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September 8, 2023


Tokyo Tech and NTT Pioneer World's First Successful Beamforming and High-Speed Data Transmission in the 300GHz Band

Beamforming--a novel signal processing technique--plays a key role at the frontier of a number of industries, from telecommunications to radar systems and acoustic engineering. Conventionally, when a signal emanates from an antenna, its energy disperses widely, resulting in a large coverage area but with diminished intensity. However, beamforming makes it possible to channel the signal's energy in a targeted direction, thereby enhancing signal quality and range while minimizing interference.

The technology is primarily realized via two approaches--Analog and Digital Beamforming. Analog Beamforming involves using an array of distinct antenna elements, each possessing adjustable phase and amplitude. This results in constructive interference in the desired direction and destructive interference elsewhere. While this method is simple, it lacks the agility to adapt to changing environments. Conversely, Digital Beamforming processes the signal received by an antenna array digitally via algorithms, offering enhanced flexibility since the beam can be dynamically altered to suit varying environmental conditions.

Beamforming delivers numerous benefits. By directing energy in a specific direction, it amplifies signal strength and extends the communication range, thus improving reliability. It also mitigates interference from other sources by amplifying the desired signal and minimizing unwanted signals from varying directions. Furthermore, beamforming facilitates spatial multiplexing, enabling simultaneous transmission of multiple independent data streams in different directions, significantly augmenting a communication system's data capacity. It has potential applications in a number of areas, including wireless communication systems like Wi-Fi and cellular networks, precise object detection and tracking in radar systems, and efficient noise cancellation or voice recognition in microphone arrays. Even medical imaging technologies like ultrasound leverage it for high-resolution, clear images.

A significant breakthrough was made recently when NTT, together with a team headed by Professor Kenichi Okada from the Tokyo Institute of Technology ("Tokyo Tech"), developed a phased array transmission module for the 6th generation mobile communication system (6G) in the 300GHz band. This advancement marks the world's first successful high-speed wireless data transmission in the 300GHz band using beamforming and has opened the possibilities for instantaneous transfer of ultra-high capacity data to a mobile receiving terminal.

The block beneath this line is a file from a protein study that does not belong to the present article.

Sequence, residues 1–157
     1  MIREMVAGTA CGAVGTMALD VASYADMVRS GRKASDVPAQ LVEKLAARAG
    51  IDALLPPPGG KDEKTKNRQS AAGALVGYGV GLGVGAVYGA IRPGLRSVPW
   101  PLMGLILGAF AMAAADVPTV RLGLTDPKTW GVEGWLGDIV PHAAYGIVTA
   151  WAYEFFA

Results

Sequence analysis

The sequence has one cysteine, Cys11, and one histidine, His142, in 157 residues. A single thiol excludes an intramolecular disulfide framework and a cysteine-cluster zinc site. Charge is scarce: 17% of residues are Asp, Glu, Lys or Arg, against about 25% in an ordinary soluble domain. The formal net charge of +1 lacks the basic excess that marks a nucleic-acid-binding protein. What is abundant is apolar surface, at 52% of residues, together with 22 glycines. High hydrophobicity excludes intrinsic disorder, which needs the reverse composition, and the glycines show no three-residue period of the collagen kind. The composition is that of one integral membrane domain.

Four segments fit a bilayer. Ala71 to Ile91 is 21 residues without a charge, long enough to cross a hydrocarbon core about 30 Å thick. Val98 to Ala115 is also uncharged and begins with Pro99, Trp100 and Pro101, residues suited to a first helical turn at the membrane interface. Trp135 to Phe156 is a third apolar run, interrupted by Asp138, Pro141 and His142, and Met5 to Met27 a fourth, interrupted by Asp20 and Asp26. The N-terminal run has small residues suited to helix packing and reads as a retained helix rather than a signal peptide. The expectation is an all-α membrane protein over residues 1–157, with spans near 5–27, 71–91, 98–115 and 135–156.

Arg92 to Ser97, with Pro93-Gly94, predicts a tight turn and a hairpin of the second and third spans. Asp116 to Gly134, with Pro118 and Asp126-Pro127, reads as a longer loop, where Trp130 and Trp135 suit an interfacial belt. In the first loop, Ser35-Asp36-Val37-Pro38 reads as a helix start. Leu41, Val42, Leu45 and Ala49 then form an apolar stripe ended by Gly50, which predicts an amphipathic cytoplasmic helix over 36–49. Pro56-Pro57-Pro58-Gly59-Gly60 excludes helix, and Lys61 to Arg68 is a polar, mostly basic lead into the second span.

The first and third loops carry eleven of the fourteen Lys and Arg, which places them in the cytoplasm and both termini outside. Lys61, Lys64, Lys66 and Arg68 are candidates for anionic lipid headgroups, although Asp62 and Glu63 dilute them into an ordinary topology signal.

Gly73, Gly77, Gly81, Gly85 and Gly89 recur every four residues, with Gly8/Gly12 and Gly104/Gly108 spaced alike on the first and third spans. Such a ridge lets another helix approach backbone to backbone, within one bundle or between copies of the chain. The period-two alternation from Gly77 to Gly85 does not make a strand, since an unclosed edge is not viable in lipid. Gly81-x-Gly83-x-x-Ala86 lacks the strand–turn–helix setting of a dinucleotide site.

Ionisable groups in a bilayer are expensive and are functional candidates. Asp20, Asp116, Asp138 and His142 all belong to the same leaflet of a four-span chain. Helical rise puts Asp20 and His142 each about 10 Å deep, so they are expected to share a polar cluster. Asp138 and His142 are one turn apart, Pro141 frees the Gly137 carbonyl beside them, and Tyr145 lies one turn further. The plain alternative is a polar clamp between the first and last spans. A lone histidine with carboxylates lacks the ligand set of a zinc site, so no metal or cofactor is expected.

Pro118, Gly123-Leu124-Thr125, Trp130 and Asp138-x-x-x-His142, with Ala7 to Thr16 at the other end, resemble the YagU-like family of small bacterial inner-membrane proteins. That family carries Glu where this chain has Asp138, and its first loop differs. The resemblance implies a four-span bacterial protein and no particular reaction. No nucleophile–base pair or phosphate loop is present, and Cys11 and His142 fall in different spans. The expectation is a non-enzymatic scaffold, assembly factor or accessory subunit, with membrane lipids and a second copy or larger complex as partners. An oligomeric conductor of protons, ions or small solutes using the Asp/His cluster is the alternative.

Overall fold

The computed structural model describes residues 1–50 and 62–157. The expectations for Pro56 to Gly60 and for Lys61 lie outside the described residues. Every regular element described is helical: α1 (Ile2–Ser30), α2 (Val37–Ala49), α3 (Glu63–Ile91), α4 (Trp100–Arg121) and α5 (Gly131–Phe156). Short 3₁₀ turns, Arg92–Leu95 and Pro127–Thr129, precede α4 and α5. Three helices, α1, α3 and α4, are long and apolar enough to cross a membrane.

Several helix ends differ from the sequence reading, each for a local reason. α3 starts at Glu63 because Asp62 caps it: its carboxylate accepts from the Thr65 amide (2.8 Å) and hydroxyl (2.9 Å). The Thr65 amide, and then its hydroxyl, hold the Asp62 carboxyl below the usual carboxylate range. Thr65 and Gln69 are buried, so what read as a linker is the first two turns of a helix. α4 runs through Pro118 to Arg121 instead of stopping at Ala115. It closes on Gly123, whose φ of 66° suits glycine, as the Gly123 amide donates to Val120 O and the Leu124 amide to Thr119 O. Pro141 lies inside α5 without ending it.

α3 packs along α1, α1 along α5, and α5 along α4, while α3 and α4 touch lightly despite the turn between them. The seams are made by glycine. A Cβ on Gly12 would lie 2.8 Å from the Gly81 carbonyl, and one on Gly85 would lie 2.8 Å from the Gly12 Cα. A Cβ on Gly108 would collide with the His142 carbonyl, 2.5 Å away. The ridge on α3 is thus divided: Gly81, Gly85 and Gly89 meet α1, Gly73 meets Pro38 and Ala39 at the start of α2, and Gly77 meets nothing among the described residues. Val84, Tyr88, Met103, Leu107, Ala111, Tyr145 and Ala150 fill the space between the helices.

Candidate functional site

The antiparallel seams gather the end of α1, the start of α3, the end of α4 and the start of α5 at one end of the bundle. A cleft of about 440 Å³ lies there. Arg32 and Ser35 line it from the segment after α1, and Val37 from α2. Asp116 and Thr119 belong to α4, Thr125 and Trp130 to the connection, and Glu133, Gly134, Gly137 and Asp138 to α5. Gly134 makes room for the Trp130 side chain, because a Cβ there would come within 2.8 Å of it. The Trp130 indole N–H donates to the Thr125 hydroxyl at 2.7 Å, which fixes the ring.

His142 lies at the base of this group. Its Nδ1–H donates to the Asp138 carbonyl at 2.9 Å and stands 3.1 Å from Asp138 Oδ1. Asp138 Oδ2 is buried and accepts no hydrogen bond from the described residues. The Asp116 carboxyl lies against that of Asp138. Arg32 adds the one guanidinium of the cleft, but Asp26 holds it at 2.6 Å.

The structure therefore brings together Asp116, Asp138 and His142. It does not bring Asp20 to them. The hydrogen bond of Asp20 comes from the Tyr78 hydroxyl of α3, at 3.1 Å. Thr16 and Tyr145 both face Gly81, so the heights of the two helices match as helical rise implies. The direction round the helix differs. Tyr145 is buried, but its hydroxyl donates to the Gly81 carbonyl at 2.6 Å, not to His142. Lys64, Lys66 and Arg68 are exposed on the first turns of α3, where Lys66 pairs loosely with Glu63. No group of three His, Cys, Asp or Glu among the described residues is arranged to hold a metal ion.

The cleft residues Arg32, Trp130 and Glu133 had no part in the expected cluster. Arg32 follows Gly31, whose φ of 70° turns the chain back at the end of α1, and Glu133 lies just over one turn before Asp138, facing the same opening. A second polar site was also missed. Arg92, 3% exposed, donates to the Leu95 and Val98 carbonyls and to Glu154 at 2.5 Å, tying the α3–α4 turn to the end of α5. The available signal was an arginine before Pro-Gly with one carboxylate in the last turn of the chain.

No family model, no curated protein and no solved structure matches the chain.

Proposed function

Operating in the 300GHz band wave poses several challenges, including high wave loss during propagation through space. However, these challenges were overcome by focusing and radiating wave energy in the direction of the receiving terminal using beamforming technology.

Each research partner worked to its strengths in developing high-speed wireless data transmission using 300GHz beamforming. Tokyo Tech employed a highly integrated Complementary Metal-Oxide-Semiconductor Integrated Circuit (CMOS-IC) equipped with frequency conversion circuits, control circuits, and more. At the same time, NTT developed an Indium Phosphide Integrated Circuit (InP-IC) integrated with a high-power amp circuit and antenna using its unique Indium Phosphide Heterojunction Bipolar Transistor (InP HBT) technology.

Tokyo Tech and NTT assembled a 4-element phased array transmission module, integrating the CMOS-IC and InP-IC on the same printed circuit board. This module achieved a maximum data rate of 30Gbps at a communication distance of 50cm, with a 36-degree directionality control range.

The partners' breakthrough offers the potential for future developments expected in near-distance mobile communications, such as the KIOSK model and Femtocell, which are potential applications for 6G. Next steps involve demonstrating two-dimensional beamforming through two-dimensional arraying, expanding the communication distance by increasing the number of arrays, and developing receiving modules tailored to the usage application. Eventually, Tokyo Tech and NTT aim to enable wireless communication with more than ten times the transmission capacity of conventional systems.

For further information on NTT's beamforming research, click here:

NTT--Innovating the Future of Communication

Picture: Daniel O'Connor

Daniel O'Connor joined the NTT Group in 1999 when he began work as the Public Relations Manager of NTT Europe. While in London, he liaised with the local press, created the company's intranet site, wrote technical copy for industry magazines and managed exhibition stands from initial design to finished displays.

Later seconded to the headquarters of NTT Communications in Tokyo, he contributed to the company's first-ever winning of global telecoms awards and the digitalisation of internal company information exchange.

Since 2015 Daniel has created content for the Group's Global Leadership Institute, the One NTT Network and is currently working with NTT R&D teams to grow public understanding of the cutting-edge research undertaken by the NTT Group.